Neurogenesis in the Hippocampus of an Adult MarsupialHarman A. · Meyer P. · Ahmat A.
School of Psychology, University of Western Australia, Crawley, Australia
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Article / Publication Details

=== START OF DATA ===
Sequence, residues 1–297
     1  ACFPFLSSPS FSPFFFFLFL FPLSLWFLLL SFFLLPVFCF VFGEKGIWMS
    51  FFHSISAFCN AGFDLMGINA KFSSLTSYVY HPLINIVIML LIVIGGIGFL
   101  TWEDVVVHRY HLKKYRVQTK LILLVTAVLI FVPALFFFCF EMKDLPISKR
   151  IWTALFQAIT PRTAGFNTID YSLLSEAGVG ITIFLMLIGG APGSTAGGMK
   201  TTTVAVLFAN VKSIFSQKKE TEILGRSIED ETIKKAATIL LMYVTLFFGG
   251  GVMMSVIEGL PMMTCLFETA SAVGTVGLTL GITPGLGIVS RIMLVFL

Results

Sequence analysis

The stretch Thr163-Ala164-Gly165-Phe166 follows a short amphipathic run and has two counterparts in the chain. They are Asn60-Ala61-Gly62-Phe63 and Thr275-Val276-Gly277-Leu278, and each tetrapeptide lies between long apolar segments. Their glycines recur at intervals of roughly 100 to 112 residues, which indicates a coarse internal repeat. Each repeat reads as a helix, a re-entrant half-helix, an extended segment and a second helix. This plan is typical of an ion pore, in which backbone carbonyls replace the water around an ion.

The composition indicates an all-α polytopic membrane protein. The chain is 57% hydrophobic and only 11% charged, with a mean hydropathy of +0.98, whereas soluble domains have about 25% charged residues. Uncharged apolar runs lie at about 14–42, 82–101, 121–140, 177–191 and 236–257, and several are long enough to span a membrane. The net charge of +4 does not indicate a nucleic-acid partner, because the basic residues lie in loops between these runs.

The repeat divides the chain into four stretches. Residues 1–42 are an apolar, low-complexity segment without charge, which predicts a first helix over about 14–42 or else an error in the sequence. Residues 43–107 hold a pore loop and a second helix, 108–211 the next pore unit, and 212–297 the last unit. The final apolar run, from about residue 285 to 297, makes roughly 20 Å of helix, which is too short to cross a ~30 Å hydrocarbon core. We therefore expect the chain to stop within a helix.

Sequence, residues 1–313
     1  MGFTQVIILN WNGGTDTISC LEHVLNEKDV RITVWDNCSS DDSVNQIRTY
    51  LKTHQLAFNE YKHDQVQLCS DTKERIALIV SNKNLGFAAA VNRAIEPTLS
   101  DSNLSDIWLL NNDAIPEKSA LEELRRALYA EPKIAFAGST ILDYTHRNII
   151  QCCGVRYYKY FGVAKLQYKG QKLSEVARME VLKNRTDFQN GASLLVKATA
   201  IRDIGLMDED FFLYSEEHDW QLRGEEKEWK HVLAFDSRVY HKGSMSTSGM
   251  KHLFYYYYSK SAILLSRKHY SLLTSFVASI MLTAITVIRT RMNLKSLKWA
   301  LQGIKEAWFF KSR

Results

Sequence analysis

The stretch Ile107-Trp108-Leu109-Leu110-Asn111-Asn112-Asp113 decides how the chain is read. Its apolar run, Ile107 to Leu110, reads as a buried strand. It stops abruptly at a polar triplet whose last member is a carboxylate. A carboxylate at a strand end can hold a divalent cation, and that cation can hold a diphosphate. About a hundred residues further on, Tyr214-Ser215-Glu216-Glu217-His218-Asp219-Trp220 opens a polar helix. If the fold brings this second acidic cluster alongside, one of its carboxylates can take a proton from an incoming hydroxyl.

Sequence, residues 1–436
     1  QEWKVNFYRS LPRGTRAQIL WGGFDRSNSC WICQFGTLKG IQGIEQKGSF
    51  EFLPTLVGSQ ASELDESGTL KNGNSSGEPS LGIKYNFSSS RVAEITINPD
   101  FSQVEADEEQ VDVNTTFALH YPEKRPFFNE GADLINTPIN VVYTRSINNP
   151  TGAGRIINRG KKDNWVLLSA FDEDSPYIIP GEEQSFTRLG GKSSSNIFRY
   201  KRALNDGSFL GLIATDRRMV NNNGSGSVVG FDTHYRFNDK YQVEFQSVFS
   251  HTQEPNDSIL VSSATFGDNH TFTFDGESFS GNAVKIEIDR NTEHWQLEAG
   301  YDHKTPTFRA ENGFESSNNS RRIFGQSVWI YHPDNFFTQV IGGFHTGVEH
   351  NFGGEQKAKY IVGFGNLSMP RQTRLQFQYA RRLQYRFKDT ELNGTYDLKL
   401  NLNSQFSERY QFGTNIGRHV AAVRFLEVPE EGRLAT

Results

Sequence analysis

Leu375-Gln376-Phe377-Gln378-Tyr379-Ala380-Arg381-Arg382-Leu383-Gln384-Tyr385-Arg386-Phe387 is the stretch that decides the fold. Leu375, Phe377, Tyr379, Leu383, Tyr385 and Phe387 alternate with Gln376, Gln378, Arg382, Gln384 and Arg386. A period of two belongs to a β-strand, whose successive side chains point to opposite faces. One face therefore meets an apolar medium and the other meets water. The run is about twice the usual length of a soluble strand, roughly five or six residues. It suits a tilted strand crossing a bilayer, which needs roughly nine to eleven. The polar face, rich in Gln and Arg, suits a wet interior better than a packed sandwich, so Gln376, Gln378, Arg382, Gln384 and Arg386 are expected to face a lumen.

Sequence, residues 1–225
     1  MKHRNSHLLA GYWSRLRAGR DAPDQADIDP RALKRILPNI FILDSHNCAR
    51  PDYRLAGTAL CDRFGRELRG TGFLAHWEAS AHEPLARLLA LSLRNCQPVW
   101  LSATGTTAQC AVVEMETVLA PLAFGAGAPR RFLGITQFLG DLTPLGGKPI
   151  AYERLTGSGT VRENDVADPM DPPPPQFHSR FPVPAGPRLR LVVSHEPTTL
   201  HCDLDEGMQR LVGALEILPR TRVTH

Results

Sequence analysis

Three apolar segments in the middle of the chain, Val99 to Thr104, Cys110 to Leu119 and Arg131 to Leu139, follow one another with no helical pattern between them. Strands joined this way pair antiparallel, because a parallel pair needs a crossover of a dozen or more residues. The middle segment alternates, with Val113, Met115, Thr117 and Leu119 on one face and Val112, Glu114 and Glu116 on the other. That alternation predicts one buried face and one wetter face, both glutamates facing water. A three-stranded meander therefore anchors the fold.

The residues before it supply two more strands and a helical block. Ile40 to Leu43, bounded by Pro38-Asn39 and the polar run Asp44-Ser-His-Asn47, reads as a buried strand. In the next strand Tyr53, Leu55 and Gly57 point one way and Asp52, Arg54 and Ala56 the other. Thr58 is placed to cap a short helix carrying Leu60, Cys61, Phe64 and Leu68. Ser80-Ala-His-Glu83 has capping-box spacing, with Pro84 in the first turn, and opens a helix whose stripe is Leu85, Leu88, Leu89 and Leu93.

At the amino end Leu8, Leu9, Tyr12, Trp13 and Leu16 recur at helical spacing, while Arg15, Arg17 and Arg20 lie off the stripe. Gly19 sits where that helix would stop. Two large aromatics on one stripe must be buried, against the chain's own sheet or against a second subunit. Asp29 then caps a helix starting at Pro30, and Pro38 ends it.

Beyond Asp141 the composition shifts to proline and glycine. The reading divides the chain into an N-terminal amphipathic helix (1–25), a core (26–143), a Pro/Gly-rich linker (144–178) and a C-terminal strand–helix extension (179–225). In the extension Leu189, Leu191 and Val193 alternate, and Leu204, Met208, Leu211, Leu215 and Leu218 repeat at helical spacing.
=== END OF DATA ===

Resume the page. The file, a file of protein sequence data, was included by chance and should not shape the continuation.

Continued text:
In the adult eutherian brain, stem cells in the dentate gyrus continually divide throughout adult life and into old age producing new granule cells. However, it was not known whether this is also the case for marsupials. Previously, in fact, it was thought that marsupials did not have continued neurogenesis in the mature brain. Here we examined neurogenesis in the adult brain of a small marsupial, the fat-tailed dunnart, using 3H-thymidine to label newly generated cells. We showed that neurogenesis takes place in the adult dentate gyrus along its inner margin, as seen in eutherian mammals. Control animals had similar numbers of labeled cells 24 h and 1 month after 3H-thymidine injection. An enriched environment resulted in similar numbers of cells being generated as controls. However, there was a significant decline in the number of labeled cells one month later. Stress and old age resulted in significantly lower numbers of new cells being generated. In immunohistochemically treated control brains, 3H-thymidine-labeled cells at the early stage were sometimes GFAP positive, were not calbindin positive at either stage examined and at the later stage were PSA-NCAM positive. We hypothesize that, as seen in eutherian mammals, the new cells progressed from being GFAP positive at stem cell stage to PSA-NCAM positive during outgrowth of mossy fibers 1 month later, to calbindin positive when mature. It is possible that maturity of these cells was not reached by 1 month as marsupials have a slower metabolic rate and this species also undergoes daily periods of torpor.
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